The England squad was trimmed yesterday before it flew out for that friendly fixture, with seven of the Champions League final players – Rooney, Owen Hargreaves, Wes Brown, John Terry, Frank Lampard, Joe Cole and Ashley Cole – left behind because of their exertions in Moscow. Rio Ferdinand did make the trip, partly because he was desperate to remain in the squad and is keen to continue to stake his claim to the captaincy, as did Wayne Bridge who did not play in the European Cup final.
Capello is also understood to have been very pleased with the contribution of Steven Gerrard on the left side of midfield. While he accepts that Frank Lampard's performance was hampered by tiredness it appears the Chelsea midfielder has an uphill task to force his way into the team, especially as Gareth Barry again impressed. Capello was happy with the overall performance and England's ability to put pressure on opponents who, though poor, were, the Italian believes, made to look poor by his team and tactics.
As for Rooney, Capello would at first only admit that he "did one very strong tackle, nothing more", presumably referring to the first-half challenge on Ricardo Clark that could have warranted a red card but which Greek referee Kyros Vassaras chose to punish only with a free-kick. Later he agreed that Rooney's behaviour had to change.
"Yes, I have to keep him on the pitch for 90 minutes and so I have to speak with him," he said. "I have to speak with Rooney and explain to him that he mustn't do these tackles. Yes, sure, of course I will speak to him. Not now, but in time. The next time I see him [August], I will talk to him."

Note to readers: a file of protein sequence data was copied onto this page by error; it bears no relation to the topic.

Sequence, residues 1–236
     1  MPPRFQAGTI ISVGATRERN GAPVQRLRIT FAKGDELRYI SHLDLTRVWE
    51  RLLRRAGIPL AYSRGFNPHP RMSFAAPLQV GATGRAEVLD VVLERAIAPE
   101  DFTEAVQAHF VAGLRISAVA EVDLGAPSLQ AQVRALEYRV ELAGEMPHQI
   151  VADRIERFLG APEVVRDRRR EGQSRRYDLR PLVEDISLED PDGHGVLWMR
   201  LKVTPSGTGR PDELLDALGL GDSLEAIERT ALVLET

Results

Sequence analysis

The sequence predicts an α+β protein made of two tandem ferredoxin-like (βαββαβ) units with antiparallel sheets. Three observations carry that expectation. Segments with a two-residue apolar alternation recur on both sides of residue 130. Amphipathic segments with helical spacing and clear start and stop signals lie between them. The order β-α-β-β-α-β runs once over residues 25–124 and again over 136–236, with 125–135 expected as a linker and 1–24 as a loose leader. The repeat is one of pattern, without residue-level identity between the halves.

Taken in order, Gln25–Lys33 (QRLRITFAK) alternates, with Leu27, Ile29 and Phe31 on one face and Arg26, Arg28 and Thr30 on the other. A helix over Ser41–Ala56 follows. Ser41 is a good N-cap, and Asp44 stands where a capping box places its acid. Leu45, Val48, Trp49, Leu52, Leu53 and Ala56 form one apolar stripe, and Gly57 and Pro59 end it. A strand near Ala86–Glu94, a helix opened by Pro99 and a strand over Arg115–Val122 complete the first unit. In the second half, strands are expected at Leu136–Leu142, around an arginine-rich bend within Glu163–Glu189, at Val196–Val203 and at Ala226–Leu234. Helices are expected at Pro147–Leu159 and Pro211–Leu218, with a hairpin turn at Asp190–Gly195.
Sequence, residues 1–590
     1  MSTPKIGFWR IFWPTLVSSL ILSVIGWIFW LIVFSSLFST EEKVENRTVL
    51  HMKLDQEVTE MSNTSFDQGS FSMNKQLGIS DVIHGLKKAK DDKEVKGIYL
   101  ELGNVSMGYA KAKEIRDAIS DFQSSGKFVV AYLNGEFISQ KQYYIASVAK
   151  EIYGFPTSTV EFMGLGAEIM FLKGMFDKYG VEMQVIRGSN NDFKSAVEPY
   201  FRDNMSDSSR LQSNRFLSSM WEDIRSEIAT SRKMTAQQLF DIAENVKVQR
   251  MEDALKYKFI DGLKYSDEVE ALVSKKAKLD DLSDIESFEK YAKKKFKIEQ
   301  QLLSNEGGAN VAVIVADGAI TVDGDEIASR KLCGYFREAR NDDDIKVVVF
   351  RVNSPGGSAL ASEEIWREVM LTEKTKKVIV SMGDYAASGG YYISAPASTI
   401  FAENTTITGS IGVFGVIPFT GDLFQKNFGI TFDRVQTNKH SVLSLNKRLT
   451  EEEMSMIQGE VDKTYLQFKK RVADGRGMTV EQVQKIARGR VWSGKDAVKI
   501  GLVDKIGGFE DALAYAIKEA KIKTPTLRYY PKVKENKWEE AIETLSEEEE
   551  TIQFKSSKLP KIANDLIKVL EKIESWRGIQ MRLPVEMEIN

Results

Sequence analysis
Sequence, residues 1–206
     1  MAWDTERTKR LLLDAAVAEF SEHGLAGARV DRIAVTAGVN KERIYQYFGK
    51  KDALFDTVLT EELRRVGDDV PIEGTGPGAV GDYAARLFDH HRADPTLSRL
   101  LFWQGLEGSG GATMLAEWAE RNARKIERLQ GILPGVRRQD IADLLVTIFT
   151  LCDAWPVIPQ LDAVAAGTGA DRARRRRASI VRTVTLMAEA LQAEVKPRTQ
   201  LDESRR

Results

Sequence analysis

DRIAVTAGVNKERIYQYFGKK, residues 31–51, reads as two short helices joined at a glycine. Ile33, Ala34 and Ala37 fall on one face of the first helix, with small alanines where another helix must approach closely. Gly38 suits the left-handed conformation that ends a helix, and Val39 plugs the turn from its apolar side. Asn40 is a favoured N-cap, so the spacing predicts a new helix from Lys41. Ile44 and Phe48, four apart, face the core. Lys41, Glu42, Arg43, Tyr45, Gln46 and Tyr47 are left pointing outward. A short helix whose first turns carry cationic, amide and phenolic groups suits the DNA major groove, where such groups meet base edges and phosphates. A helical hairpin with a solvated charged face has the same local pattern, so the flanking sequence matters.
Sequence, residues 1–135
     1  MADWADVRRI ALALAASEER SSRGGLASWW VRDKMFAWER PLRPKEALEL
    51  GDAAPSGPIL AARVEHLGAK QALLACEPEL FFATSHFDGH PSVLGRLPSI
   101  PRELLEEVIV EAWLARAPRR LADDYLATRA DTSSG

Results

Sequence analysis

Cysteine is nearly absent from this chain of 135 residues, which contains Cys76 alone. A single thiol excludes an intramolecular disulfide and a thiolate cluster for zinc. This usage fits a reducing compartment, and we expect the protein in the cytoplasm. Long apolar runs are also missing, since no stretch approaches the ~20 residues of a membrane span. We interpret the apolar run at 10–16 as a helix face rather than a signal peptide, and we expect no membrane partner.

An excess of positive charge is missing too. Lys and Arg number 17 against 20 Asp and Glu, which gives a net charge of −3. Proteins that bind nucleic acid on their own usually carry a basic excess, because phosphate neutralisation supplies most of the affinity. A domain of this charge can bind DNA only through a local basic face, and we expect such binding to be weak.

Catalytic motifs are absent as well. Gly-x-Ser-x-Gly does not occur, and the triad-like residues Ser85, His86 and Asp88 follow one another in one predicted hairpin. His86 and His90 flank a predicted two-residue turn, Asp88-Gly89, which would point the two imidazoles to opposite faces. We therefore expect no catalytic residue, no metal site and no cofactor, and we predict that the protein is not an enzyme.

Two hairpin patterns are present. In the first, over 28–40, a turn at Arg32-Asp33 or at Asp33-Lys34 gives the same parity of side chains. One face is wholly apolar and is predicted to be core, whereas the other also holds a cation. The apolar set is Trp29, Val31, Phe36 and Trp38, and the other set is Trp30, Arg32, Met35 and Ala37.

The second challenge, on Frankie Hejduk in the 76th minute, did earn Rooney a booking to which he responded with an angry gesture towards Vassaras. "I saw the same thing from him in training," Capello said. "On Tuesday in the last session, it was the same. It is normal for him and I told him that. I was worried for the other players."
It was not entirely clear, with Capello now conducting his press conferences in English rather than Italian, to what extent he was worried about the threat to his other players, but the message was blunt enough. England's training sessions are known for their full-bloodedness but it seems Rooney has exceeded the limits. Capello's defence of his player's essential, committed nature led to him also admitting that the two challenges were probably worth a sending-off when combined.
"You cannot play without commitment and when you need to play, with that commitment, you tackle very hard," he said. "That is something I think he showed. He did very, very hard tackles, both possible yellow cards, but neither of them worthy of a red card. He got a yellow at the finish. I think it is a normal game for him."